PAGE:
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Last Updated: Saturday, 18 August 2007, 10:46 GMT 11:46 UK
Girls at risk amid India's prosperity
By Nick Bryant
BBC News

India is in the throes of a revolution of rising expectations, a country animated by a providential sense of its own possibility.

Indian girls in at slum in Bangalore
Female infanticide is highest in some of India's wealthiest districts

Already, it is close to dislodging Japan as the world's third largest economy, if purchasing power is taken into account. And by 2040 should have eased past China to become the planet's most populous country.

Though progress can be agonisingly and needlessly slow, especially in the countryside, living standards are improving, along with literacy rates and life expectancy.

In Mumbai not so long ago, I visited what can only be described as a gentrified slum, where a young father sat in front of his colour television mesmerised by the fast-moving ticker racing across the bottom of the screen.

He was checking on the value of his share portfolio, and happily it was increasing with each occasional blink of his eyes.

Daring to dream

Even in the shanties, still stinking and overcrowded, people are daring to dream. The signs of change are everywhere.

Inequalities aside, the crude equation that increased wealth will lead ultimately to decreased suffering should apply to most of India's social and economic maladies.

Indian girls playing
A baby girls means a future dowry and a financial burden for a family

Yet there is one problem that prosperity is actually aggravating.

I saw this for myself in a hospital in Punjab, where we filmed a young mother giving birth, with the help of a surgeon's scalpel, to her second daughter.

The Caesarean section was a complete success, and the safe arrival of such a beautiful ball of life should have been greeted with uncomplicated delight.

But the mother had failed once again to provide her husband with a son and heir, so it was a singularly joyless occasion.

Old attitudes

Handed the little girl, not yet 10 minutes old, the women of the family were disapproving and edgy, fretful perhaps of how they would break the news to the men folk, who had not even come to the hospital.

On the maternity ward a few minutes later, I was asked by one of the ladies - the mother's sister, I think - whether we would like to name the baby girl.

A Muslim Indian girl prays in Calcutta
Why pay 50,000 rupees to your new in-laws when you can pay 500 rupees for an abortion?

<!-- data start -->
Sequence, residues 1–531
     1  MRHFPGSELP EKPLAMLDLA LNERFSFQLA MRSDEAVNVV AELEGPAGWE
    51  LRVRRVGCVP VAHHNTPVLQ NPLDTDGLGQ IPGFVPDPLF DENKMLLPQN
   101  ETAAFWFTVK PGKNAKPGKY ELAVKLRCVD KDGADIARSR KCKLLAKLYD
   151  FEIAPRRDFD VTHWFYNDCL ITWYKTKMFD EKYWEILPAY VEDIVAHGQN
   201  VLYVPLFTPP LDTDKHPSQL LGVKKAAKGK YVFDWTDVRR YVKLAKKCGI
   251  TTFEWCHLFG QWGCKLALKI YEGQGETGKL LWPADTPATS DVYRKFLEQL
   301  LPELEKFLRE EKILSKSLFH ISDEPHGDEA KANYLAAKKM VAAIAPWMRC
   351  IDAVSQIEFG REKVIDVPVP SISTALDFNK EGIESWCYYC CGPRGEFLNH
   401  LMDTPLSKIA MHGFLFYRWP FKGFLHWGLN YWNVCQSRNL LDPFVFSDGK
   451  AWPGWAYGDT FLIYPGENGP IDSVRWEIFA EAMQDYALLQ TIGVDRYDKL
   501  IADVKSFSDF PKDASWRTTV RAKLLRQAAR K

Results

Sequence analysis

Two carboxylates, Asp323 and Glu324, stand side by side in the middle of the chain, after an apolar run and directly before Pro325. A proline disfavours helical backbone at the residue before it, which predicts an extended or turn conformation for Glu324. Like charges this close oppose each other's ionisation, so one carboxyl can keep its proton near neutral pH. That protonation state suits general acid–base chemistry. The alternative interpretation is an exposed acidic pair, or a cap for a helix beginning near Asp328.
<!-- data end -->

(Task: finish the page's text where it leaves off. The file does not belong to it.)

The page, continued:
We demurred, of course. Then came an even more extraordinary request: did we want to take the baby, not just to hold, but to have?

In another time, she might have been killed.

For this prosperous Punjabi family, we seemingly offered a less savage means of disposal.

In modern-day India, sex selection, the all-too-common practice by which female foetuses are terminated before birth, conforms to a very different and disturbing calculus: increased wealth brings increased access to prenatal ultrasounds and sonograms.

New and more widely available technology, the engine of India's relentless economic growth, is also fuelling female foeticide.

Illegal

According to a study by Unicef, a higher percentage of boys are born now than 10 years ago in 80% of India's districts.

FACTS AND FIGURES
Female infanticide occurs in 80% of states
Worst-affected states include wealthiest areas
927 girls born for every 1,000 boys
Infant mortality rate: 60/1,000
Source: Unicef

Only last month in the state of Orissa, the skulls of 40 female foetuses and newborn girls were discovered in an abandoned well.

More distressing still, sex selection is worst in the most affluent parts of the country: Punjab, Haryana, Gujarat.

In northern Punjab, for example, there are just 798 girls under the age of six for every 1,000 boys. The national average is 927.

Even though it is illegal in India for a doctor to reveal the gender of an unborn child, the law is rarely enforced.

Over the past 20 years, it has been estimated that some 10 million female foetuses have been aborted.

Girls are unwanted because they are seen as a financial burden. Landholdings can pass to in-laws and dowries, which themselves are illegal, siphon money from families.

First birthday

Why pay 50,000 rupees to your new in-laws when you can pay 500 rupees for an abortion? You do not even have to leave home.

Many unscrupulous doctors carry portable ultra-sound equipment in the boots of their cars.

Increased consumer choice is one of the hallmarks of the new India.

Tragically, it is being applied, with almost industrial efficiency, to depress the female birth rate.




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